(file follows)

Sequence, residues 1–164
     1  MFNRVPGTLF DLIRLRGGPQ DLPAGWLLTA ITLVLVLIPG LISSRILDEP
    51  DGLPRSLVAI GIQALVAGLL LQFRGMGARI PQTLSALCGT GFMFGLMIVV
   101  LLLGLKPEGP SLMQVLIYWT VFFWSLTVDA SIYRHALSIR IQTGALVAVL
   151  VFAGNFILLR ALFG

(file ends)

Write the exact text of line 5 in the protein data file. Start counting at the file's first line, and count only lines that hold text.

   151  VFAGNFILLR ALFG